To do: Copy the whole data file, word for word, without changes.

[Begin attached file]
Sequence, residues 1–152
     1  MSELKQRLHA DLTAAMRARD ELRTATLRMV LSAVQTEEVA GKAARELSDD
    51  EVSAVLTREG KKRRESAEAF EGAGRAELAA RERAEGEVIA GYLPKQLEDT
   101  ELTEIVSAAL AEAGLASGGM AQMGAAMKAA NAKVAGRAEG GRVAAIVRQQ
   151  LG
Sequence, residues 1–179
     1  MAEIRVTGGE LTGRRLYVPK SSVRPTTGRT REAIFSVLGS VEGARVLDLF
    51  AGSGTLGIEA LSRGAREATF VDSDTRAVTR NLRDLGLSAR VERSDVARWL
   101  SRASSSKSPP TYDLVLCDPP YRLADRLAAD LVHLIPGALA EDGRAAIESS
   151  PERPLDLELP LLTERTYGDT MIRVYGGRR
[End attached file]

Sequence, residues 1–152
     1  MSELKQRLHA DLTAAMRARD ELRTATLRMV LSAVQTEEVA GKAARELSDD
    51  EVSAVLTREG KKRRESAEAF EGAGRAELAA RERAEGEVIA GYLPKQLEDT
   101  ELTEIVSAAL AEAGLASGGM AQMGAAMKAA NAKVAGRAEG GRVAAIVRQQ
   151  LG
Sequence, residues 1–179
     1  MAEIRVTGGE LTGRRLYVPK SSVRPTTGRT REAIFSVLGS VEGARVLDLF
    51  AGSGTLGIEA LSRGAREATF VDSDTRAVTR NLRDLGLSAR VERSDVARWL
   101  SRASSSKSPP TYDLVLCDPP YRLADRLAAD LVHLIPGALA EDGRAAIESS
   151  PERPLDLELP LLTERTYGDT MIRVYGGRR